April 29, 2021
Since the start of the pandemic, interest in growing mushrooms has … well, mushroomed, The Boston Globe reports.
And part of the reason for the toadstool trend is mushroom advocate and agriculturist Elizabeth Almeida, who cultivates organic mushrooms indoors on blocks of sawdust at her Westford, Massachusetts-based company, Fat Moon Farm.
The blocks are inoculated with mycelium, (or the white, hairlike tendrils of fungus that we often see on old bread).Then, they incubate for anywhere from seven days to three months, depending on the strain. The setting mimics the natural environment in whichre mushrooms thrive.
Almeida grows several varieties—lion’s main, oyster, chestnut, pioppino, and shitake—and she sells largely to chefs, but also to selected grocers and farmstands.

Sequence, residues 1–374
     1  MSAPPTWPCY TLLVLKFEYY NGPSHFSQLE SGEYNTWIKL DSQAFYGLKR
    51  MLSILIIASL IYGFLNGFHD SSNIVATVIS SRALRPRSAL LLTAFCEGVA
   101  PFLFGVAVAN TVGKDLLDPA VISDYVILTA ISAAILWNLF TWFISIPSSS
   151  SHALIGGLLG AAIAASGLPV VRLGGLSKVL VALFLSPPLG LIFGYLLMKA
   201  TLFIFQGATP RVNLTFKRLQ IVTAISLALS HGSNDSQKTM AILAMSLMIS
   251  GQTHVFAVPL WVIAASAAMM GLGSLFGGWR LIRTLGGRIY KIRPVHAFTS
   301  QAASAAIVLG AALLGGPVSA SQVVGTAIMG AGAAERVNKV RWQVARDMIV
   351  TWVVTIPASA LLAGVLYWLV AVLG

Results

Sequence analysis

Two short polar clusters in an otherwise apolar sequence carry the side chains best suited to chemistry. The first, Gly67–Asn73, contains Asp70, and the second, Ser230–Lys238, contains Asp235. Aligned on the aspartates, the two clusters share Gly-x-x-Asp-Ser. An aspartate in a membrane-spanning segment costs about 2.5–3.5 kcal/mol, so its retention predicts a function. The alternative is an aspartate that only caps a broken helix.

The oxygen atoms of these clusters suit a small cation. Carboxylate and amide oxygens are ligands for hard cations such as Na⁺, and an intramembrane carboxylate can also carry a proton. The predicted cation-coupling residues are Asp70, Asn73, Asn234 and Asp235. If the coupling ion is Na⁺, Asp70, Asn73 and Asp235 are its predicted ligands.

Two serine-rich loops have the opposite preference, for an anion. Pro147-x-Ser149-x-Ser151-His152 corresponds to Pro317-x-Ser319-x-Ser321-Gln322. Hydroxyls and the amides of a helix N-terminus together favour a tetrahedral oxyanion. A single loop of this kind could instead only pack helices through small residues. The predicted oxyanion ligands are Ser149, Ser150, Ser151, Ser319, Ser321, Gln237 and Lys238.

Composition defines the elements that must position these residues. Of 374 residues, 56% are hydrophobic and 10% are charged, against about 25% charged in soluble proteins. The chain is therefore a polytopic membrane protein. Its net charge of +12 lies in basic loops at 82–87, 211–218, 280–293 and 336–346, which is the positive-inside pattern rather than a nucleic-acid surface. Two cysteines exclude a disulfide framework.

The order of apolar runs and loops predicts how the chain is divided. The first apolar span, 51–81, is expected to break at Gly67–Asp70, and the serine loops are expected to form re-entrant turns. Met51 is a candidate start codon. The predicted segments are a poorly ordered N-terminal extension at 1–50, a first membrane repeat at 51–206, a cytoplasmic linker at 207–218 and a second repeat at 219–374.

Since she grew up on a farm and foraged for mushrooms as a child, Almeida’s work resonates with her life experience. But surprisingly, and even without a green thumb, you can also grow mushrooms with a grow kit—and Almeida offers these too.
The kits are inoculated with the mycelium and already incubated. Spraying frequently with water, you can watch the fungi quickly emerge—from a pinhead to fully formed clusters that can later top a pizza or give depth of flavor to a pasta dish.
Interest in her kits has surged this year as people seek the adventure of growing something to create delicious meals, she says. “Sourdough bread is 2020. Grow kits are 2021.”
Most of the grow kits sold on the Fat Moon Farm website range from $25 to $40—and come with detailed instructions. The next, three-part, weekly, online course starts on May 1—and a “standard package” includes a grow kit and an eight-ounce bag of mushroom to enjoy.
Research contact: @BostonGlobe